Tropicalissimo Redux

Anybody remember “tropicalissimo”? In gardening, it references a word used maybe a decade ago for the then-shocking innovation of incorporating tropicals in summer borders and containers. A fairly mundane practice now. Somewhat counter-intuitively, I’ve found these plants, the alocasia, colocasias, xanthosomas and many more, far easier than summer-flowering annuals to grow in containers, stay fresher longer with much less effort, and the thick leaves withstand the vagaries of irrigation far superior to, say, thin-leaved coleus. In fact, this year, other than succulents and a couple big containers with a mish-mash of begonias, pelargoniums and cordylines, the tropicals are what’s growing in pots for summer, taking center stage. Just a few containers produce a big impact for surprisingly little care, the plants reveling in mid-summer heat and humidity.

Colocasia esculenta ‘Diamond Head’ with Xanthosoma ‘Lime Zinger’ in the background.
(The dust from ongoing house repairs evident on the dark leaves.)


Colocasia esculenta ‘Mojito’


Xanthosoma ‘Lime Zinger’ producing a weird, “Two-Face” bifurcated leaf.


In my zone 10 I overwinter these outdoors, tipping the pots on their sides during dormancy to keep rain out. (Gardeners in colder climates avail themselves of basements, garages, etc., with or without grow lights. It’s quite an impressive undertaking and requires dedication but is very doable, even for neophyte gardeners. A good place to start researching strategies for a particular climate zone is the Tropicals forum on Gardenweb.) The lime-green xanthosoma in particular is amazingly robust and would dearly like a bigger pot to explode upwards to as much as 5 feet. Gardeners in colder climates seem mesmerized by the size tropicals can achieve in one growing season with regular applications of fertilizer, but other than mixing in some organic fertilizer with fresh potting soil in spring and then renewing a bit more in July, I don’t indulge their robust appetites. I’m not after size, just those gently swaying tropical leaves.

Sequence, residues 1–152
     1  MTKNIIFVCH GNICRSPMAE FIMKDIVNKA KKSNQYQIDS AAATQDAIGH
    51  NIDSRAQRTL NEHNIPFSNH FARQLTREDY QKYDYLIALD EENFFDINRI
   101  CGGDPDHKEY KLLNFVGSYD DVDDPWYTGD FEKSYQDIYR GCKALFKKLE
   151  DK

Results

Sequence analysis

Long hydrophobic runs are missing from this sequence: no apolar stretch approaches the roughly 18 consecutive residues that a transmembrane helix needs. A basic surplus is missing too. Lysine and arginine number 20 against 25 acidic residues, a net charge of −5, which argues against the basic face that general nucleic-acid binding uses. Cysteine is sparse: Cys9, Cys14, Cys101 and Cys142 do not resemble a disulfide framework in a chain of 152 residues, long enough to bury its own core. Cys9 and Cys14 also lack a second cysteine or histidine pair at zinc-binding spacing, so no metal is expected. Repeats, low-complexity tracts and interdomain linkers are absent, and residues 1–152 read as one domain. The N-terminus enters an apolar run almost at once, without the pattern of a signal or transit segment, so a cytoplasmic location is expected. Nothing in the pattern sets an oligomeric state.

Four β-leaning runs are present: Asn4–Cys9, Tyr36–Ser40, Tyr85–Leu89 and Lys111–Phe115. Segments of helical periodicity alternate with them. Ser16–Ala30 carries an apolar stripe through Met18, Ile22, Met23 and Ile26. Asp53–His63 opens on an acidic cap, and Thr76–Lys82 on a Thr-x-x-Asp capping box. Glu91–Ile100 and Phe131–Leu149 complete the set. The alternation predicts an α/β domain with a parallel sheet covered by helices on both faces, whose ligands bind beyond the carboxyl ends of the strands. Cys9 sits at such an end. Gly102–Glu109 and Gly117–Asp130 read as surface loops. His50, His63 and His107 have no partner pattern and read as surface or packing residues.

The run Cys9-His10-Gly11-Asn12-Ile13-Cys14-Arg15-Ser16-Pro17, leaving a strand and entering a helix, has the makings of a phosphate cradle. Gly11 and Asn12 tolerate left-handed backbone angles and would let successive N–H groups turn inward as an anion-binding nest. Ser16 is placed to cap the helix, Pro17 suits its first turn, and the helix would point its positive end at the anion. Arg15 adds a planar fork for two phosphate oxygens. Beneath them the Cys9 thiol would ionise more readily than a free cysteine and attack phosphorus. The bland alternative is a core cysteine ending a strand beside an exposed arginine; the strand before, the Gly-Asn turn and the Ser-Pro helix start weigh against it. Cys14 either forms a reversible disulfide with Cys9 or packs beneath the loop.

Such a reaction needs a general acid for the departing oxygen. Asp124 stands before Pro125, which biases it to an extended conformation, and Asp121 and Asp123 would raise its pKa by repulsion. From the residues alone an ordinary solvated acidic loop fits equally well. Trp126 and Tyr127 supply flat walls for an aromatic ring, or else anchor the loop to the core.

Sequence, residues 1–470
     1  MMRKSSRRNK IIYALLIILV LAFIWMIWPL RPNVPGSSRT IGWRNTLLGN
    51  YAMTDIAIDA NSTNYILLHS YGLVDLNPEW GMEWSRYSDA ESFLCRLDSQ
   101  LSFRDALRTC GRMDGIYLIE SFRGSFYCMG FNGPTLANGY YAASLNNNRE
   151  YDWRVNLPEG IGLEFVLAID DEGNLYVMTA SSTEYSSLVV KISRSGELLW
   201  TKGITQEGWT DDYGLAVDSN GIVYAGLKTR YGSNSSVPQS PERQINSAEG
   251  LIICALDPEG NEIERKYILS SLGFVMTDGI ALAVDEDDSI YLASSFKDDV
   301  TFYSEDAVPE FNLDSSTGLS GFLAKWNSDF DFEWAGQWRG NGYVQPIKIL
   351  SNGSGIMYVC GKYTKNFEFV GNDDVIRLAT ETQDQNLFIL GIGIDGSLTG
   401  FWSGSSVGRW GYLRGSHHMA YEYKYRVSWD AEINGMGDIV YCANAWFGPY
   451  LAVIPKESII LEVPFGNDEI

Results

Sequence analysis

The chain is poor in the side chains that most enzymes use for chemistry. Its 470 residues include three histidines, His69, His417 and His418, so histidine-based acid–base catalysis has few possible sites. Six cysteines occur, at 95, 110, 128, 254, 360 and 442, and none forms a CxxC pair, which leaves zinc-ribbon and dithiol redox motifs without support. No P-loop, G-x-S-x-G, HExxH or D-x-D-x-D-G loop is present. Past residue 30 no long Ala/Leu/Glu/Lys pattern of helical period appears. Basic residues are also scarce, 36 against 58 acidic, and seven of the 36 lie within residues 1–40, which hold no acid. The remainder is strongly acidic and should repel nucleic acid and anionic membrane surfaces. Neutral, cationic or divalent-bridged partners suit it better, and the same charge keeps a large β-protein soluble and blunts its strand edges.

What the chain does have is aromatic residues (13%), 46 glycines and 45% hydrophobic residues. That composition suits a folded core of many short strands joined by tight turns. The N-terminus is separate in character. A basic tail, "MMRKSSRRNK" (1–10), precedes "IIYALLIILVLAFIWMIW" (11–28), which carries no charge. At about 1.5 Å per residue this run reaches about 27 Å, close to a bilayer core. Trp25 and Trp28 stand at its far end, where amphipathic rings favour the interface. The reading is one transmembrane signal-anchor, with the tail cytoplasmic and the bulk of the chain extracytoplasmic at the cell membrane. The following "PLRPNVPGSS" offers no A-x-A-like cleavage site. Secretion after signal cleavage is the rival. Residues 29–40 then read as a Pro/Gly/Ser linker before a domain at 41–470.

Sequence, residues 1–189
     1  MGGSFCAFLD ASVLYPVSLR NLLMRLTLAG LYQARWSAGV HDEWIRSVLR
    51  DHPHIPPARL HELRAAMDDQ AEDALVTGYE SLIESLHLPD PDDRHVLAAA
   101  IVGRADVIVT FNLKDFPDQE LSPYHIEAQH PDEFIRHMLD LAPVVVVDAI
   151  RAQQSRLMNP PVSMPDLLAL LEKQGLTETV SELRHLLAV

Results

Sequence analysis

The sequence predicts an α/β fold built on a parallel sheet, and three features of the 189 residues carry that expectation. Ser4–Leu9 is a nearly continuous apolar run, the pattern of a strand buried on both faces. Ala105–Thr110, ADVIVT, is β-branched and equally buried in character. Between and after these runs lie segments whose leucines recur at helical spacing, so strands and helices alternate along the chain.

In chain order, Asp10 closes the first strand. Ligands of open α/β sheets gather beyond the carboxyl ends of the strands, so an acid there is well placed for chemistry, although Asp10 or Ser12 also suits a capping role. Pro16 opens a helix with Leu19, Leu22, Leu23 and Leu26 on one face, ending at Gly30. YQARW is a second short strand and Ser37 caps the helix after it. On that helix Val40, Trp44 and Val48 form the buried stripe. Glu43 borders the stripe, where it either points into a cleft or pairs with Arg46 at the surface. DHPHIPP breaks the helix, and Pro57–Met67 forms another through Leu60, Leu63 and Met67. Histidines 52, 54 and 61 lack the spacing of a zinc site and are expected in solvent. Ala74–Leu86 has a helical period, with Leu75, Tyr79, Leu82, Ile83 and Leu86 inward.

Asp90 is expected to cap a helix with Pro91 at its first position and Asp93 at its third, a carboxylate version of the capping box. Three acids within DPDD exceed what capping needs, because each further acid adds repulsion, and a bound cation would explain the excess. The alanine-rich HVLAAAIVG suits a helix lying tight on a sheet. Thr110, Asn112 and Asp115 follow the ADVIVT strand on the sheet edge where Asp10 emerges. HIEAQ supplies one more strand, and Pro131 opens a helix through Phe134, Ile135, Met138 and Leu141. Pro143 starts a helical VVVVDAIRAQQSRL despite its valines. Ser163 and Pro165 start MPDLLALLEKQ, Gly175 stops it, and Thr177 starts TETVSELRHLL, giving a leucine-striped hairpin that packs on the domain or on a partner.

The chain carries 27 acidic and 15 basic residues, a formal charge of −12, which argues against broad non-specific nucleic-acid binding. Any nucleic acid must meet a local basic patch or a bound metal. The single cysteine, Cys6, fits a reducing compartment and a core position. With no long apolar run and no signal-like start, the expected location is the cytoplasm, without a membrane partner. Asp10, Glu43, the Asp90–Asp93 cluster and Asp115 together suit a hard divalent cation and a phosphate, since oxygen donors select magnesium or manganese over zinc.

Plant Delights has a very good selection.

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4 Responses to Tropicalissimo Redux

  1. hb says:

    I honestly can’t figure those Alocasias out. This past rainy winter ‘Black Magic’ kept a few leaves and looked happier than it has in some summers. “Explain yourself, sir!” I demanded, but got no answer.

    ‘Frydek’ is another good one, though fussy.

  2. I love my “containerized” Colocasia and Alocasia…so easy to overwinter in the basement. This year my new “tropicalissimo” love is the Palm Leaf Begonia. Not so sure what to do with it when winter arrives…

    Xanthosoma ‘Lime Zinger’ is a new one for me, I’ll have to do a little research…

  3. Denise says:

    Hoov, all I can say is these three have been bullet-proof. Maybe these leaves are thicker?
    Loree, the first time I saw your Palm Leaf Begonia (B. luxurians) was in a Portland garden! And it was huge. I haven’t seen a lot of info on overwintering indoors. I’d try protecting it outdoors in those amazing jackets you crafted for some of your tender stuff.

  4. Grace says:

    These are way, way cooler than petunias. 🙂

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